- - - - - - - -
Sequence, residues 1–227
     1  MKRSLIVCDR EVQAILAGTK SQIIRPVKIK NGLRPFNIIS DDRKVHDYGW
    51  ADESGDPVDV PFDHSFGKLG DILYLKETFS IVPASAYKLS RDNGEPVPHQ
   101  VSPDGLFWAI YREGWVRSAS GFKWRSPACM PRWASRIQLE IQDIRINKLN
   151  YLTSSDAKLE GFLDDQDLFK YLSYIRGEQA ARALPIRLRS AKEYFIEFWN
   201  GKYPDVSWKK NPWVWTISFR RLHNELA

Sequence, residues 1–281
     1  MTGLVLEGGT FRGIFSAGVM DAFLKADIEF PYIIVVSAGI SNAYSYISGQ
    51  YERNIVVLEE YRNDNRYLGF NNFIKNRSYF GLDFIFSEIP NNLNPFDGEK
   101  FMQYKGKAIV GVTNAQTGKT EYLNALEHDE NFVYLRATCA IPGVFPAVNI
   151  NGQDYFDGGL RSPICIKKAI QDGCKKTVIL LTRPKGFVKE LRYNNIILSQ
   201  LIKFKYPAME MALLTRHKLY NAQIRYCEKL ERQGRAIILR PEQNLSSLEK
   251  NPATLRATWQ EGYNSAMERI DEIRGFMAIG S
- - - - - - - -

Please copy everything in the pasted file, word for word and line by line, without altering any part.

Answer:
Sequence, residues 1–227
     1  MKRSLIVCDR EVQAILAGTK SQIIRPVKIK NGLRPFNIIS DDRKVHDYGW
    51  ADESGDPVDV PFDHSFGKLG DILYLKETFS IVPASAYKLS RDNGEPVPHQ
   101  VSPDGLFWAI YREGWVRSAS GFKWRSPACM PRWASRIQLE IQDIRINKLN
   151  YLTSSDAKLE GFLDDQDLFK YLSYIRGEQA ARALPIRLRS AKEYFIEFWN
   201  GKYPDVSWKK NPWVWTISFR RLHNELA

Sequence, residues 1–281
     1  MTGLVLEGGT FRGIFSAGVM DAFLKADIEF PYIIVVSAGI SNAYSYISGQ
    51  YERNIVVLEE YRNDNRYLGF NNFIKNRSYF GLDFIFSEIP NNLNPFDGEK
   101  FMQYKGKAIV GVTNAQTGKT EYLNALEHDE NFVYLRATCA IPGVFPAVNI
   151  NGQDYFDGGL RSPICIKKAI QDGCKKTVIL LTRPKGFVKE LRYNNIILSQ
   201  LIKFKYPAME MALLTRHKLY NAQIRYCEKL ERQGRAIILR PEQNLSSLEK
   251  NPATLRATWQ EGYNSAMERI DEIRGFMAIG S